In brief

  • The Ethereum market is ripe for a large investor to corner the market, says crypto finance firm Amber Group.
  • A "George Soros type of trade" in which an investor hoards gas tokens and purposely collapsed the network could be very profitable, the group suggests.
  • The theory may have merit say crypto insiders, even if it currently remains unlikely.

There’s a way to destroy the economy of the world’s second-largest cryptocurrency, Ethereum—and it’s a scheme not dissimilar to a trading strategy used by billionaire investor George Soros in the 1990s, who made billions of dollars by shorting the British Pound. 

That’s according to researchers from crypto finance firm Amber Group, which earlier this week published its findings on the matter in a Medium post.

The Ethereum network is fit to burst; as of September 4, 97.16% of the network is used up. It’s not hard to think of reasons why: in the past three months, users have poured $8 billion into so-called decentralized finance protocols, such as lending services. But the DeFi boom of 2020 and the massive influx of both money and activity on the Ethereum network could have some intended consequences.


All Ethereum protocols are powered by “gas,” the name for the fuel that pays for smart-contract transactions. It’s paid in ETH, the native currency of the Ethereum blockchain network. Gas fees are now ridiculously high—getting your transaction processed within 30 seconds now costs about $5, according to Ethereum block explorer Etherscan.

And there’s a way to push those fees even higher, postulates Amber Group. One way to do it could be to hoard Gas Tokens, a special type of token that are “essentially tokenized rent for block space,” wrote the research group.

Amber Group continued: “They take advantage of the storage refund mechanism in Ethereum; when you mint gas tokens, you are saving data into contract storage, and when you free (spend them), you are burning the tokens and freeing up the storage element previously saved.”

If someone bought a whole load of Gas Tokens, this could waste even more space on the blockchain, and make gas so scarce that the price would go up and up. 


“As fees continue to increase, demand for gas tokens increase, pushing prices higher, which in turn creates more minting. The minting process consumes more block space…which results in higher gas fees…and so on,” wrote Amber Group.

Eventually, Ethereum would become unusable, and the price of ETH would plummet. But if someone shorted ETH—i.e. stood to profit from its collapse—they could make a lot of money.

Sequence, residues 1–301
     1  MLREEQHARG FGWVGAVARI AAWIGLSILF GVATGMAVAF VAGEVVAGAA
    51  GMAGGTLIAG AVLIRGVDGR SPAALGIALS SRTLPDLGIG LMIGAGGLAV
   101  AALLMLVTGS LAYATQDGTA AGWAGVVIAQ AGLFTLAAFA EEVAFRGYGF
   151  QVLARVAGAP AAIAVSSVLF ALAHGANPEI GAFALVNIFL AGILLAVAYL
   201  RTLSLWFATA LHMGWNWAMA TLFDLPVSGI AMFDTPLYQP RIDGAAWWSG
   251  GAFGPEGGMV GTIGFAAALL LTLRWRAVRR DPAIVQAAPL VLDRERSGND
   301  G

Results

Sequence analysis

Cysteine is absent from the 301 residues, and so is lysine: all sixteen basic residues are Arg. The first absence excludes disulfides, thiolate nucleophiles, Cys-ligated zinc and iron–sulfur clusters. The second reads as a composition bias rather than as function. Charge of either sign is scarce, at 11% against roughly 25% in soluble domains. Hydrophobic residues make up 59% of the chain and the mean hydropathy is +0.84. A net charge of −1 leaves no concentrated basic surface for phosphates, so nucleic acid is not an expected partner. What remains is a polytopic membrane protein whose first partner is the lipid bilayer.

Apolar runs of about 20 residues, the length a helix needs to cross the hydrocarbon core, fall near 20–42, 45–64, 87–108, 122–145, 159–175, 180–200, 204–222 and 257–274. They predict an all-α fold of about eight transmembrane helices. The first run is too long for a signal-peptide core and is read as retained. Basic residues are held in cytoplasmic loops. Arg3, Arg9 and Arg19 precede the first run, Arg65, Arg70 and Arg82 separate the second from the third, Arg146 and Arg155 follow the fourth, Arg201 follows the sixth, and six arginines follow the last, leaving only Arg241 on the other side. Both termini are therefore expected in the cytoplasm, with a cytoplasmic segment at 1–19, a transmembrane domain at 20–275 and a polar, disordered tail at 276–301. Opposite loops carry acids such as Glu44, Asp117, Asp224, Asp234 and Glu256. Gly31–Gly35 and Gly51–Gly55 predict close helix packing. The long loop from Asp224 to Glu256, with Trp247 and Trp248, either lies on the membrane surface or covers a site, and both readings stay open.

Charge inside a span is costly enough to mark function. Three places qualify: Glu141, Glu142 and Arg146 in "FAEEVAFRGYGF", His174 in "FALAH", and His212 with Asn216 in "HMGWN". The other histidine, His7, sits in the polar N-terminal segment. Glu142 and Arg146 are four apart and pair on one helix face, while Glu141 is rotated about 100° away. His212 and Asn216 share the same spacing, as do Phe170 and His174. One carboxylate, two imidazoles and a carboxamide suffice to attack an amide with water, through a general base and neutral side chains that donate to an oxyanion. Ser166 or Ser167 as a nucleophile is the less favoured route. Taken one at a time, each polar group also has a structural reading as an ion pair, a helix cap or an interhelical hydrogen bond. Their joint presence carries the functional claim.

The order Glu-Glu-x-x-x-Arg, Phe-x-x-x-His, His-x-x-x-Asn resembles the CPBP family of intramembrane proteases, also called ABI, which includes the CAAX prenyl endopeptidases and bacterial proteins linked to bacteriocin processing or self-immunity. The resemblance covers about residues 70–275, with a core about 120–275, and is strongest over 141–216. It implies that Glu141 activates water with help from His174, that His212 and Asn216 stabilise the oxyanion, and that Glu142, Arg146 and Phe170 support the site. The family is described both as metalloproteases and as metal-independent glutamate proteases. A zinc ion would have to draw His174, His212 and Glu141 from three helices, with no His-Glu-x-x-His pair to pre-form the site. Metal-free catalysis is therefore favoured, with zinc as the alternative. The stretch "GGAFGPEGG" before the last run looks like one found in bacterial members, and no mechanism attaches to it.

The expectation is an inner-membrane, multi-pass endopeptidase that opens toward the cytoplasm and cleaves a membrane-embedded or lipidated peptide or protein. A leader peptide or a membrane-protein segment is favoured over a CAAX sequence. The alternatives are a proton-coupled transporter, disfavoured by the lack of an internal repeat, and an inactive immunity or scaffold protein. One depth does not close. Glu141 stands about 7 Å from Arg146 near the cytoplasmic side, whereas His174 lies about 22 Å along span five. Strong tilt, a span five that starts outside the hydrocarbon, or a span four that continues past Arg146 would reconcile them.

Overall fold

That’s similar to what billionaire investor George Soros did in the 1990s. He bought up all British pounds he could, so that the pound became overpriced. Then the Bank of England was forced to buy up pounds itself, further overvaluing the pound. So when the pound started to fall in value, Soros, who had shorted the pound, made lots of money. 

So, does the Amber Group’s “George Soros scenario” theory hold water? 

Eden Dhaliwal, the global managing director of Conflux Network, told Decrypt that “there are real concerns of large scale acquisitions of gas tokens that would lead to wasted block space and thus even higher gas prices. Adding speculative pricing to the mix would again result in upward price pressure in my view.”

But Eric Wall, CIO of Arcane Assets, is not bowled over by the thesis. “I don't think it's going to cause any big feedback loop pressure on the system,” he said.

“We're already suffering from insanely high gas costs right now. If this would cause people to flock to gas tokens in such droves that it would squeeze people out of the chain, it would probably already have happened by now.”

Wall said that the strategy makes sense only “if you think gas is going to go up even more.” But anyone trying this strategy must keep in mind that software to scale Ethereum—thus potentially freeing up space on the network—may come out in the next couple of months. 


”Whoever buys them now will definitely fear a collapse in their value when scaling solutions hit,” he said. “Whether that fear is justified is a bit too complex to answer in my opinion. But yes, it is likely.” 

Still, investors and the markets in which they operate aren’t always rational—a dictum that often rings more true in crypto than in most other markets.


The views and opinions expressed by the author are for informational purposes only and do not constitute financial, investment, or other advice.

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